The most interesting of these rooms was one that Caballero called “Stargate.” Why? Because well, it looks like it belongs in the movie/TV series Stargate. Inside this room, there’s a giant ring that a human sits on a raised chair in the center of. This chair slowly rotates around as signals are passed around the entire outer circle. This creates a 360 degree test area. I was told this room is completely safe for humans. And people typically spend 40 minutes in there at a time for testing. By comparison, devices can stay in the other anechoic chambers for up to 24 hours at a time.

Speaking of movies, one chamber we didn’t get to see was a giant one that looks exactly like Cerebo from the X-Men films. I mean, just look at the picture Apple provided (bottom). It’s the same thing. Of course, in Apple’s Cerebo, I assume the subject standing in the center can’t read every human beings’ mind. But I can only assume that as we didn’t get to see this room.

Each of these chambers is also a bit frightening because each is covered from floor to ceiling with giant blue spikes. Sure, these spikes are made of foam and simply used to absorb and dampen any waves, but still, these chambers look like they belong in a nightmare. Again, if Apple needs a place to silence critics, they have the rooms.

These chambers vary in cost, but each of the ones we saw cost over $1 million. All told, Apple said it has spent over $100 million on these testing facilities.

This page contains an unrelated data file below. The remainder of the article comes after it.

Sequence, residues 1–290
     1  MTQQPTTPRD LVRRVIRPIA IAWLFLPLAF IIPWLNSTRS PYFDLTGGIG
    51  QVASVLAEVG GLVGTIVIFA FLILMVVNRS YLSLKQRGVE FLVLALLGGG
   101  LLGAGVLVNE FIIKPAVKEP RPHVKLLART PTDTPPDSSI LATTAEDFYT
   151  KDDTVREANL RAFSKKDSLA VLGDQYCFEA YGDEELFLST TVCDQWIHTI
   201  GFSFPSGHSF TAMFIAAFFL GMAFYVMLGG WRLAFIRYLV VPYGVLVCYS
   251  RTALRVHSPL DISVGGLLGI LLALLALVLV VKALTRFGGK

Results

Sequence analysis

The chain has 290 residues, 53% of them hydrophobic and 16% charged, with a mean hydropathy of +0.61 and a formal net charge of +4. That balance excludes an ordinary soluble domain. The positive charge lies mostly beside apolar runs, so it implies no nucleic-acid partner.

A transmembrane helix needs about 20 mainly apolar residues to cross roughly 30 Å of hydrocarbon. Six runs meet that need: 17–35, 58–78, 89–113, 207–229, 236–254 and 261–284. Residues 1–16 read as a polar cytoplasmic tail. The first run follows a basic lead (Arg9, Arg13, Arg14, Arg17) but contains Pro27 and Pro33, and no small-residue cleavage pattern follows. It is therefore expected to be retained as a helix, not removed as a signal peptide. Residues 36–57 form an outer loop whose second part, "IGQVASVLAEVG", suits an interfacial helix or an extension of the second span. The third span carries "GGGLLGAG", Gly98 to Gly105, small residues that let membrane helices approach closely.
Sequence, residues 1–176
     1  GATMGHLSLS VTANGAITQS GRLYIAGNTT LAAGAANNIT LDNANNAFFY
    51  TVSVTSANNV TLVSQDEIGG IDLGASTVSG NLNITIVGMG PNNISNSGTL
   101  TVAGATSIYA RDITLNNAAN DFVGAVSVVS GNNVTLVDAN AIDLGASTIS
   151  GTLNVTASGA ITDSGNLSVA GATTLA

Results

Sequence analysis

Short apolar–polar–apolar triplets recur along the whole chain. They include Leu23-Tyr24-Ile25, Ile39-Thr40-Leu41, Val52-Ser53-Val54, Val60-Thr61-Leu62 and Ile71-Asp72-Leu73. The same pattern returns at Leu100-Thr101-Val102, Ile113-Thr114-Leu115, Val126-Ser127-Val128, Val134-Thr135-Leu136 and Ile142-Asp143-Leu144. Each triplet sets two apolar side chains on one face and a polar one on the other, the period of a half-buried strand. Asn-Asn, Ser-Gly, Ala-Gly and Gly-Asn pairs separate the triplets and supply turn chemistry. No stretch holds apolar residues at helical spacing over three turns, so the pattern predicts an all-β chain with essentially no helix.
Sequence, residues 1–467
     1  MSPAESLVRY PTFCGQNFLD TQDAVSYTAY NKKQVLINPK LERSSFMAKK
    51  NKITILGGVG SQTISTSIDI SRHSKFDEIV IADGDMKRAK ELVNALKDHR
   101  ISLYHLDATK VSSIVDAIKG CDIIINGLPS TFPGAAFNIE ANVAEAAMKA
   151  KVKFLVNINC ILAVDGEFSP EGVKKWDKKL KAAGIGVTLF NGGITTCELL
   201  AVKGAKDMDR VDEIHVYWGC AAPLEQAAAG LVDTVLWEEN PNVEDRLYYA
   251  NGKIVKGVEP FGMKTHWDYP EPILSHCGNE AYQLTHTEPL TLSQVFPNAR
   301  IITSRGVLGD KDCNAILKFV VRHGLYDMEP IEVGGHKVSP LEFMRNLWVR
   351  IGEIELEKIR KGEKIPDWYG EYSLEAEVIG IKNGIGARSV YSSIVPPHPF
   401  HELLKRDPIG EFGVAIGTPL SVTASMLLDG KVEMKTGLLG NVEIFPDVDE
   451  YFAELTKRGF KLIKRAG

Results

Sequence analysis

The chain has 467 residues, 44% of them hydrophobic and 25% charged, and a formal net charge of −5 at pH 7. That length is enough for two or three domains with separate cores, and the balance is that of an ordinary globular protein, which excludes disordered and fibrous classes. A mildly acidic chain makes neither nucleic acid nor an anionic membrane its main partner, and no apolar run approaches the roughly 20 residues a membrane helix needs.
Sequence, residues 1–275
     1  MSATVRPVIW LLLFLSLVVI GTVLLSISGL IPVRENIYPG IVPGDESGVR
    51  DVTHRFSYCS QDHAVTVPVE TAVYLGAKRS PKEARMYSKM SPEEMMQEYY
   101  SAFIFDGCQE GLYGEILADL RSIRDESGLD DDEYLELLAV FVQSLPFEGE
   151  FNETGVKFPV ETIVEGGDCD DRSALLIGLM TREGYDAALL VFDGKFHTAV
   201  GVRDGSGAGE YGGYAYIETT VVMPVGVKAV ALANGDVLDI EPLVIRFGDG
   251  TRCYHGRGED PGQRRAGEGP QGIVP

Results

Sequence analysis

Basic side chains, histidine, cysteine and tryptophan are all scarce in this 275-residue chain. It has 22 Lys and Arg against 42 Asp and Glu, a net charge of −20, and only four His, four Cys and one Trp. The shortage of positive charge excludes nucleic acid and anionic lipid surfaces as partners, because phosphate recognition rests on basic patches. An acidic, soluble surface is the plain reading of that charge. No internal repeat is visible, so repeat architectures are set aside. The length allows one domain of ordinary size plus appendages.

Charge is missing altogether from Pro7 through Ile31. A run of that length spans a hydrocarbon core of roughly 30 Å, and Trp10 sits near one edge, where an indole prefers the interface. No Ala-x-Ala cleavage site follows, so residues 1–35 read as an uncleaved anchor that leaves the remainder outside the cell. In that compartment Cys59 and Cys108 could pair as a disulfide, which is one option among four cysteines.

We then went into a room that contained fake heads. Obviously, these are used to test the various devices without having to use real humans. And Apple goes so far as to fill these heads with liquid mixtures of sugar, water, salt, and other components to replicate the make-up of the human brain. There were also replicas of the human hands and feet (that latter for Nike+ testing). If the tour started out as a bunch of people going to see the inside of Willy Wonka’s Chocolate Factory for the first time, I was starting to grow concerned that it was turning into that scene where they enter the strange psychedelic tunnel.

But that feeling quickly subsided as we headed outside to see the vans Apple uses to test their devices in the real world. These are giant white vans with antennas on the top of them to pull in both cellular and GPS signals. The back of these vans contain various computer equipment to collect all the data and send it back to the labs at the headquarters.

Mansfield closed the tour by noting that they had hoped it was now a bit more clear the amount of time and energy Apple puts into testing these wireless products. “We hope to give you a sense of the real engineering going on here,” Mansfield said. It’s not just testing, it’s re-testing — and this goes on for months, he said.

No matter what your take is on the iPhone 4 antenna — my take is here: it’s real, but not a big deal — there is no question that Apple spends a huge amount of time and money testing these devices. And the fact that the thing people will care most about in this whole 1,200-word post is the passing mention that the iPhone 5 and iPhone 6 may have been in one of these rooms, says just about all you need to say about the state of the iPhone.

For those interesting in learning more, Apple has also posted the following page (and video) about the antenna labs.